Pablo Escobar’s African hippos roaming free in Colombia

Hippos in river in Colombia, photo: DPA
Hippos in river in Colombia, photo: DPA

In the year 1981, drug lord Pablo Escobar brought three female hippos and one male to Colombia. Together with giraffes, elephants and rhinos, the hippos were kept at Escobar’s private zoo at his luxury estate Haciendo Napoles in Antioquia.

After Escobar’s death, the territory that belonged to him was passed on to the government. The animals from Hacienda Napoles were brought to zoos across the country, but the hippos were left at the estate because they were too difficult to move.

The government thought the hippos would die, but they started to reproduce. Those initial four hippos created a population of now, around 120 to 150 African hippos.

The African hippos are living their best life in Colombia as they have no natural predators, and the climate suits them. In Africa, their predators are lions, large crocodiles and hyenas, which are not present in the area where the hippos live in Colombia.

Animal populations are controlled by drought in Africa. However, in Colombia, the climate remains the same throughout the whole year, and there is no drought.

Humans in the area have embraced the hippos, in part because they’re a great attraction for tourists who visit the village of Doradal to ride a boat into the Magdalena River and spot hippos. And they’re living well together, hippos and humans.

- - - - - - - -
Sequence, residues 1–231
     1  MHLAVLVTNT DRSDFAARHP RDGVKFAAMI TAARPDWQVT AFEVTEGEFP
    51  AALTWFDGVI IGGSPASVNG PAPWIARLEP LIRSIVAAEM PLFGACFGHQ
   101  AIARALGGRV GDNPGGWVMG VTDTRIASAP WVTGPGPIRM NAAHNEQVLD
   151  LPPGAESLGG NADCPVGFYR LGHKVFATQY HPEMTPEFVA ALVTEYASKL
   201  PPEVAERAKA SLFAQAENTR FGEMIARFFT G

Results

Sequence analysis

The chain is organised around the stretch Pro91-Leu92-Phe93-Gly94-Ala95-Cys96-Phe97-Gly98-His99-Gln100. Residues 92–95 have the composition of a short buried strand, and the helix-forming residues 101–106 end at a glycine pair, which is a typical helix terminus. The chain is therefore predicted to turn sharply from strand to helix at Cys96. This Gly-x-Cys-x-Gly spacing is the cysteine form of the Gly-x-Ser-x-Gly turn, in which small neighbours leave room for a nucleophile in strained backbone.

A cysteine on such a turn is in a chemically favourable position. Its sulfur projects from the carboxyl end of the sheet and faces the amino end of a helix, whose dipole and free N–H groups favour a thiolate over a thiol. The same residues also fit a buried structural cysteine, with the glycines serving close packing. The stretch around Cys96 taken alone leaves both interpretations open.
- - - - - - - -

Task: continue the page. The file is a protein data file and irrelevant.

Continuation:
“If you don’t hurt them, they won’t hurt you,” Ana Rita Duque Quiceno, who lives in Doradel, told DPA news agency. “We keep a safe distance and take pictures. Nothing has ever happened that way.”

But some scientists say that the hippos might become dangerous to humans and the area’s biodiversity and want a solution, so the population doesn’t keep growing. They’ve suggested killing a large part of the hippo population, but animal rights advocates and the people living with the hippos are against this.

In 2009, a hippo called Pepe was walking in Doradel and was shot and killed. The hippo’s execution was ordered by the government. When a photo of the dead hippo became public, it angered animal rights groups both within the country and abroad, and further plans of killing the animals were cancelled.

The government could look into castration, which is expensive and a difficult process, but the animals will stay alive. So far, ten hippos have been castrated, and four have been brought to zoos.

This story is written by Sara Castano Correa, who lives in Colombia. The Animal Reader is an animal news website and is always looking for writers who want to contribute stories about animal welfare and animal rights in their country. If you’re interested, send us a mail:

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